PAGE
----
The Toronto-based organization provides women (and men) the opportunity to learn beginner-friendly computer programming and other technical skills through hands-on workshops.
Operations and expansion director Melissa Crnic said the “blood, sweat and tears project” of over 800 volunteers aims to increase diversity in the workplace through coding education.
“Women are definitely underrepresented in STEM fields (science, technology engineering and math),” Crnic told Techvibes. “And for us our goal is to work towards an equal number of men and women in the workforce.”
Heather Payne, an early investor in Shoplocket, founded Ladies Learning Code in August 2011. Today the organization features chapters in Halifax, London, Vancouver, Ottawa and Calgary.
Also playing large roles in the organization are Breanna Hughes and Laura Plant. Together the four also cofounded HackerYou, a course-based coding education organization that offers hands-on learning from industry professionals.
Crnic emphasized that Ladies Learning Code is not exclusive to woman. In fact, men consistently participate in the workshops. The name is more indicative of the style of learning the organization advocates.
“What we’ve learned is that women have a unique and different learning style which is more social and collaborative and we think that’s beneficial to the workplace,” said the Richard Ivey alumnus. “But men can learn in the style too and there’s a lot of men who enjoy our workshops.”
Over 5,000 Canadians have attended a Ladies Learning Code workshop to date. They often draw a varied crowd of wannabe developers, ranging in age from 16 to 75 years. Participants also range in intent, from young entrepreneurs to career-changing individuals eager to learn a new skill.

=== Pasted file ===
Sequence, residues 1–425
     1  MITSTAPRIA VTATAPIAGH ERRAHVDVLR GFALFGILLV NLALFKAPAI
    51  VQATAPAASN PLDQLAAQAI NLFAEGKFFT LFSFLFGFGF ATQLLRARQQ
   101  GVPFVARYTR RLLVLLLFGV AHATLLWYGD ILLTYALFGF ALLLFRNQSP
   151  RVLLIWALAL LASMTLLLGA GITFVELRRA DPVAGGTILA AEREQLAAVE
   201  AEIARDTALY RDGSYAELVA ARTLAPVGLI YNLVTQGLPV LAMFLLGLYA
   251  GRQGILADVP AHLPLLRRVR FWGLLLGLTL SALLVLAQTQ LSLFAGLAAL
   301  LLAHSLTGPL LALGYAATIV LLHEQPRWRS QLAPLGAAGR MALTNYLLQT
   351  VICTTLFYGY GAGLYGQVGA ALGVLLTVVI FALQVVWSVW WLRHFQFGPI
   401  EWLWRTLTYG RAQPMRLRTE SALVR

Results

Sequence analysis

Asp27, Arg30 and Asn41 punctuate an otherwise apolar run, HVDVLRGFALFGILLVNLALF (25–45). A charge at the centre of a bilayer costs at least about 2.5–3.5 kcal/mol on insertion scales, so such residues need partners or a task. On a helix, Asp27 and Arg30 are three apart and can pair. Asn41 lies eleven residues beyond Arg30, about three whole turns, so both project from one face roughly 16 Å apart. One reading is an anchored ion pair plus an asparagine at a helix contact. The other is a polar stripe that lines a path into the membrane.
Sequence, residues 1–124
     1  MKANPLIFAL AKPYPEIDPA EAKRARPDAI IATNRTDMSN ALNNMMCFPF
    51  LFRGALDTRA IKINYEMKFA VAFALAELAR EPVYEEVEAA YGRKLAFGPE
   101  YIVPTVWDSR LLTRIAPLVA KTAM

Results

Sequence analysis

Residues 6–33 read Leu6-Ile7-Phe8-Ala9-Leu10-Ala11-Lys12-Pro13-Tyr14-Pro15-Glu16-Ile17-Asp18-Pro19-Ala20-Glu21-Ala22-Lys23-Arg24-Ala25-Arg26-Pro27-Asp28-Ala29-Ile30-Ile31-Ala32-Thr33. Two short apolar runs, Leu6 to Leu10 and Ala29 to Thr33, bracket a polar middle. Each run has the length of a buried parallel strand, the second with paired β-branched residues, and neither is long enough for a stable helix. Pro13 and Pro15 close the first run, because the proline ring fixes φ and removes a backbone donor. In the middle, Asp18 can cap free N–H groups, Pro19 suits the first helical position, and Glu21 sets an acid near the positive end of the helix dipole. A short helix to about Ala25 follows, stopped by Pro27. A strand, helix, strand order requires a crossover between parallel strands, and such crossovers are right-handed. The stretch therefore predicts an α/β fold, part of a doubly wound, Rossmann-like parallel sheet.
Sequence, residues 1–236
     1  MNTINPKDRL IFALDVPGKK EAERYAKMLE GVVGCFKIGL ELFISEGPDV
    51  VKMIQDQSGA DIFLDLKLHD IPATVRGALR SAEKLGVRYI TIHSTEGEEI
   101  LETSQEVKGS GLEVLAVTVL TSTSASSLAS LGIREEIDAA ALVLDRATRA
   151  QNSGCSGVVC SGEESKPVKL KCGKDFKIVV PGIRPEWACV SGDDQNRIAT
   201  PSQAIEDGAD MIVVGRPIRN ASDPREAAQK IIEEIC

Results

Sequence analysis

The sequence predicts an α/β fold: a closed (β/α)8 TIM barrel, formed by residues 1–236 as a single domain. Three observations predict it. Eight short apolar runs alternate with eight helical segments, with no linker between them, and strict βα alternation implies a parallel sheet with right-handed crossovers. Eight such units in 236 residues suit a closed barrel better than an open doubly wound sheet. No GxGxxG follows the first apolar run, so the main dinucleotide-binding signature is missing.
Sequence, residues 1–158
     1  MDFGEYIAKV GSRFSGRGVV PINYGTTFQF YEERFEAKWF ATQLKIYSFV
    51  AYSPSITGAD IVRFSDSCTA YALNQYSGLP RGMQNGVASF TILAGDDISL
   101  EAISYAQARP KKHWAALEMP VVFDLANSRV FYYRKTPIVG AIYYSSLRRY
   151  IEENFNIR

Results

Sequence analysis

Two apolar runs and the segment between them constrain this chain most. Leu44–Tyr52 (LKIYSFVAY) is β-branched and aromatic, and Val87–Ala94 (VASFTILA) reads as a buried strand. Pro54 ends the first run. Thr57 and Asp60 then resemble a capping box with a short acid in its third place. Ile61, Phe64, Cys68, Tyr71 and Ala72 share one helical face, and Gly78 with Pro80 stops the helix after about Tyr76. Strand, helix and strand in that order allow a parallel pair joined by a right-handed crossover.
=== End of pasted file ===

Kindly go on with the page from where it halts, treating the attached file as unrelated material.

Those who run Ladies Learning Code don’t earn money, nor do the several hundred other volunteers and mentors involved. Chapter Leads earn a small commission but the real rewards come as a result of bringing together up to 100 learners in a room over seven hours.
It’s been less than two years since the first event, but Ladies Learning Code is surging forward. A new chapter in Edmonton is set to open next month while the organization has set their sights on New Brunswick for the fall.
Meanwhile, “Girls Learning Code” workshops are being offered, devoted to girls aged 8 to 17. They are also offering co-ed “Kids Learning Code” workshops during summer and March break. The organization seeks to have equal number boys and girls in order to promote understanding of workplace diversity at a young age.
Crnic recalls grateful parents saying how much confidence their children built as a result of the workshops, while some participants returned to five or six workshops. “The fact that they return just because they want to keep learning, that really talks to how powerful it is,” she said.
Women or men, anyone interested in taking part in Saturday’s chapter launch and workshop in Montreal are invited. In the opinion of Ladies Learning Code, it beats trying to learn alone.
“It’s a collaborative and social environment, they’re really comfy, there’s one mentor for every four people and it’s very intimate,” said Crnic. “And you get to learn with a bunch of people instead of being by yourself online.”